Why is so much of television so bad?

That’s the question that Newton Minow asked on May 9, 1961 when he addressed the National Association of Broadcasters in Washington, DC.

In his first public address after he took over as chairman of the Federal Communications Commission (FCC) Mr. Minow didn’t pull any punches. He made it clear that in his role at the FCC he was going to make darn sure that broadcasters operated in “the public interest.”

What is meant by operating in “the public interest?” That’s been open to interpretation since those words were written down. Here’s how Mr. Minow defined them:

“Some say the public interest is merely what interests the public. I disagree. And so does your distinguished (NAB) president, Governor Collins, who said ‘Broadcasting to serve the public interest, must have a soul and a conscience, a burning desire to excel, as well as to sell; the urge to build the character, citizenship, and intellectual stature of people, as well as to expand the gross national product….By no means do I imply that broadcasters disregard the public interest…But a much better job can be done, and should be done.’ I could not agree more with Governor Collins.”

Mr. Minow also told the radio broadcasters in the room that the FCC wasn’t going to go to sleep at the switch on them; they were still listening, but that most of the controversies and cross-currents in broadcast programming were swirling around TV and that’s what he planned to address in this speech.

“When television is good, nothing – not theater, not the magazines or newspapers – nothing is better. But when television is bad, nothing is worse,” said Minow.

He then threw out this challenge to television broadcasters:

“I invite each of you to sit down in front of your television set when your station goes on the air and stay there, for a day, without a book, without a magazine, without a newspaper, without a profit and loss sheet, or a rating book to distract you. Keep your eyes glued to that set until the station signs off. I can assure you that what you will observe is a vast wasteland.”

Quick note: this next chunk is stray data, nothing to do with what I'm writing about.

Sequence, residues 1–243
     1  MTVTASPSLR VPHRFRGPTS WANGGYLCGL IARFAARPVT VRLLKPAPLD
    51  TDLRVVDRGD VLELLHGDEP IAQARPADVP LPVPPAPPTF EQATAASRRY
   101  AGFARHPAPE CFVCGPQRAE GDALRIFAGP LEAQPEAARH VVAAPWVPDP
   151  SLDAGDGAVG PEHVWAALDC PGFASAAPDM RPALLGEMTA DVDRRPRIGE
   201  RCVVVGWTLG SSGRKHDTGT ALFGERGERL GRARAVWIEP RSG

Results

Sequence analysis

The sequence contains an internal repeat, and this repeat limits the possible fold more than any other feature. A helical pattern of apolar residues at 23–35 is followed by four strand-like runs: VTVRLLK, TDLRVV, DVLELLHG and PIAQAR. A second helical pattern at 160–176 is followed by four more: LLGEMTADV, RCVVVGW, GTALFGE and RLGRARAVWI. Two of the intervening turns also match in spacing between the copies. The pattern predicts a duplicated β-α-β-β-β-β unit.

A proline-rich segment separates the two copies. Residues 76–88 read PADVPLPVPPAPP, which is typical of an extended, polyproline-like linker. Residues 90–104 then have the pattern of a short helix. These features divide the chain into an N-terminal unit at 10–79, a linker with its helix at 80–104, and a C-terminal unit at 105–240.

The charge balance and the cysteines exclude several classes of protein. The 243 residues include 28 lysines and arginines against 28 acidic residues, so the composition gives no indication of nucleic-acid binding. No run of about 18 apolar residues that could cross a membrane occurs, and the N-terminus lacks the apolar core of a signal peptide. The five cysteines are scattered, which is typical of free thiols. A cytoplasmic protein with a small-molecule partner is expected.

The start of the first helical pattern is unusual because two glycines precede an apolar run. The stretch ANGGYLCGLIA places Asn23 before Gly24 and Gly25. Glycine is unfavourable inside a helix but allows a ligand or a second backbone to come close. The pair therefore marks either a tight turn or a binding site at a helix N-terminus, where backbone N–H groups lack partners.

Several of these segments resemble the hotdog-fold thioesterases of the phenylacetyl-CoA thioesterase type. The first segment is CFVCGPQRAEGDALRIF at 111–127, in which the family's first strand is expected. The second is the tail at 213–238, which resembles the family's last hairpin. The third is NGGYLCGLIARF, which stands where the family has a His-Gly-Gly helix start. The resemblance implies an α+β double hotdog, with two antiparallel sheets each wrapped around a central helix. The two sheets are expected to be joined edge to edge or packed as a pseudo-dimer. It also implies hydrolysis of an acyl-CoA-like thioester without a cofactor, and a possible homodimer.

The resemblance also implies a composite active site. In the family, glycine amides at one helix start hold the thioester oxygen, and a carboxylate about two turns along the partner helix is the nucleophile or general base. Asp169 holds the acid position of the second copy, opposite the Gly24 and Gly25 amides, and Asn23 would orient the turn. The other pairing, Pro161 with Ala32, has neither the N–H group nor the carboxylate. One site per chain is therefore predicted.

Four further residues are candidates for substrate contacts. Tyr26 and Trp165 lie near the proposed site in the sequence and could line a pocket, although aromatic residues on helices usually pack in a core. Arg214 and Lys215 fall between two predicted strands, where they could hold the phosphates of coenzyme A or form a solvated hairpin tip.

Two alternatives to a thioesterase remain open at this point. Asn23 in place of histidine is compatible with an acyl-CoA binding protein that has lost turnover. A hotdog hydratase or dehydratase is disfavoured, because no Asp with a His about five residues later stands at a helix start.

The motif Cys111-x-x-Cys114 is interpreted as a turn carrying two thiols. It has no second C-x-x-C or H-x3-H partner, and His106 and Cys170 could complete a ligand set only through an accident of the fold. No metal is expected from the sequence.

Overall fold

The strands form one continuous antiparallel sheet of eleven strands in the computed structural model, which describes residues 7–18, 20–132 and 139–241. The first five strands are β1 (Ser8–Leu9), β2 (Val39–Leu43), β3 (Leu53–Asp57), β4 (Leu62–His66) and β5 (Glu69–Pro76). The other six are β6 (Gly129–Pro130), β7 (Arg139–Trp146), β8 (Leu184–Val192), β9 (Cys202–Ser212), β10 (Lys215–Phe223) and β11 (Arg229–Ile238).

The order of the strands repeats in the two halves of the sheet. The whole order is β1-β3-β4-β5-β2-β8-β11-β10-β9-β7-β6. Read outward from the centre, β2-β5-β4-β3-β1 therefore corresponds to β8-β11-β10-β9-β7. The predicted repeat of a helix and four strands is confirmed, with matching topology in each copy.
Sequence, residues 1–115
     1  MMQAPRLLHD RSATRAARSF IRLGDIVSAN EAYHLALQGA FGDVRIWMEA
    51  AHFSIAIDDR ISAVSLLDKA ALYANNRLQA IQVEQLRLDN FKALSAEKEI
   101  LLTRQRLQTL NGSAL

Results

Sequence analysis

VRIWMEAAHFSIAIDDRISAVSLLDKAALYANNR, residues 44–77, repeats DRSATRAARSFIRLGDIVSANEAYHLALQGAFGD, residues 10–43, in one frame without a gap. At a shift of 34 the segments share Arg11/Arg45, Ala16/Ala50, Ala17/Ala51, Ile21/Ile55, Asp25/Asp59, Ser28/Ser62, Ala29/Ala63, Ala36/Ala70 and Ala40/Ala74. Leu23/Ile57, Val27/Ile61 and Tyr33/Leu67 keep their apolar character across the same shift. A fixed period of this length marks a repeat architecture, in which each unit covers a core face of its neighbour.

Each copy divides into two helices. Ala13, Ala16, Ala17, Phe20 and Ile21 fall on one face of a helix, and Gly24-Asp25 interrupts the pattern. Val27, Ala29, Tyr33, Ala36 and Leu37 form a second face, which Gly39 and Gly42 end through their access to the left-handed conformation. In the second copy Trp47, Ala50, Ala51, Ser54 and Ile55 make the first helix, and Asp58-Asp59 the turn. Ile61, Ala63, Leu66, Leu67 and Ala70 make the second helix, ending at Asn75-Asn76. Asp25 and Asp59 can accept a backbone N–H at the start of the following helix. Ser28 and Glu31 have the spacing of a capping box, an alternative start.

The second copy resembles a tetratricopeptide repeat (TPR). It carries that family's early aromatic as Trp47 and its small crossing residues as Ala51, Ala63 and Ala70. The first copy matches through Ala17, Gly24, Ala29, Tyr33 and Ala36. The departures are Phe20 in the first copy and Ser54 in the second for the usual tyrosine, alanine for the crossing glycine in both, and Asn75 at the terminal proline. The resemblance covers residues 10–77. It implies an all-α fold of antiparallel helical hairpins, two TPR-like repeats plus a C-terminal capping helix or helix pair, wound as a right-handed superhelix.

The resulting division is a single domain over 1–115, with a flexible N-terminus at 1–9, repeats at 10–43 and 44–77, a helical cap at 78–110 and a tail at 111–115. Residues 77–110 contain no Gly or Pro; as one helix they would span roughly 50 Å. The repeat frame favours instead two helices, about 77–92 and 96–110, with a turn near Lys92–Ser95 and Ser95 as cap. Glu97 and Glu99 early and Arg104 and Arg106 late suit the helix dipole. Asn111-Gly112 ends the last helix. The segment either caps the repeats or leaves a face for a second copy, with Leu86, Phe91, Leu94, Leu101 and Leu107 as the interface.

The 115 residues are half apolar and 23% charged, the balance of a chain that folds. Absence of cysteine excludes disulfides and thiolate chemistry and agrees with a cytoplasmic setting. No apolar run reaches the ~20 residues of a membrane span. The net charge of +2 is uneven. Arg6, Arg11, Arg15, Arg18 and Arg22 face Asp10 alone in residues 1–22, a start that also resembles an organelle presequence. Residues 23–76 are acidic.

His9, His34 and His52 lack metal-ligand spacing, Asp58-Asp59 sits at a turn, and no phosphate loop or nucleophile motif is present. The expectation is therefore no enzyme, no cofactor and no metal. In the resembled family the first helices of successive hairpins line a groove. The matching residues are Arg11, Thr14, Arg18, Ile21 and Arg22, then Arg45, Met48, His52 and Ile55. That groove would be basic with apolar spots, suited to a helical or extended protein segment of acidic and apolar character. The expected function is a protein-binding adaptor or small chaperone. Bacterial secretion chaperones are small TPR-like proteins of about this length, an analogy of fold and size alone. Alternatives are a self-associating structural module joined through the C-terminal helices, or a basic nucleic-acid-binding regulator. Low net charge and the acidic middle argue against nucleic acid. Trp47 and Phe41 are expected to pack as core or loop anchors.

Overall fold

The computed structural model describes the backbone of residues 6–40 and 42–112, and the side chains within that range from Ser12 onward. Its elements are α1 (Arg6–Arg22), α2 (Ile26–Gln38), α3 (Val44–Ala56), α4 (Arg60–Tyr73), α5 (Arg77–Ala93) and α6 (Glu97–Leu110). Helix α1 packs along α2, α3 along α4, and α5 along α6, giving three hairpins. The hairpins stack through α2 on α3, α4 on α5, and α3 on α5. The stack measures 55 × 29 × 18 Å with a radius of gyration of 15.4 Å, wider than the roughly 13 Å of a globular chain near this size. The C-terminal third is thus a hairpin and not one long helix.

Mr. Minow is 89 and living in Milwaukee, Wisconsin. On the 50th anniversary of his famous speech, he was interviewed by James Warren of the Chicago Tribune. Minow was 35 years old when he took over as chairman of the FCC under President Kennedy. He told Warren that he couldn’t have anticipated the impact his speech would have. Minow’s severe censure of TV’s “procession of game shows, violence, audience participation shows, formula comedies about totally unbelievable families, blood and thunder, mayhem, violence, sadism, murder, western badmen, western good men, private eyes, gangsters, more violence and cartoons” remains highly “radioactive” to this day.

If you’re a fan of the television show “Gilligan’s Island” you might not have realized that the boat that sank was coyly named after the FCC chairman; however spelling it S. S. Minnow. Does that give you some idea of how distasteful having their medium called “a vast wasteland” was to the TV men of that day?

Mr. Minow’s own daughters joke that their dad’s tombstone might be inscribed with the words “On to a vaster wasteland.”

In 1998, President Clinton appointed a commission to review “the public interest” on the eve of the arrival of Digital Television. That commission issued a 160-age report on December 18, 1998.

In 2015, “the public interest” issue has been addressed with respect to the Internet.  Again, the FCC under its current chairman Thomas Wheeler has come forward with a plan that has been as well received by the “Internet men” of today as Mr. Minow’s assessment of TV back in 1961. Here’s what the FCC decided:

Adopted on February 26, 2015, the FCC’s Open Internet rules are designed to protect free expression and innovation on the Internet and promote investment in the nation’s broadband networks. The Open Internet rules are grounded in the strongest possible legal foundation by relying on multiple sources of authority, including: Title II of the Communications Act and Section 706 of the Telecommunications Act of 1996. As part of this decision, the Commission also refrains (or “forbears”) from enforcing provisions of Title II that are not relevant to modern broadband service. Together Title II and Section 706 support clear rules of the road, providing the certainty needed for innovators and investors, and the competitive choices and freedom demanded by consumers.

The new rules apply to both fixed and mobile broadband service. This approach recognizes advances in technology and the growing significance of mobile broadband Internet access in recent years. These rules will protect consumers no matter how they access the Internet, whether on a desktop computer or a mobile device.

The public interest standard has long provided guidance for promoting greater diversity in content, political debate, access, service to local communities, education, diversity and equal employment. The communications revolution will continue to challenge policymakers to ensure operating in “the public interest” remains.

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Filed under Education, Mentor, Radio

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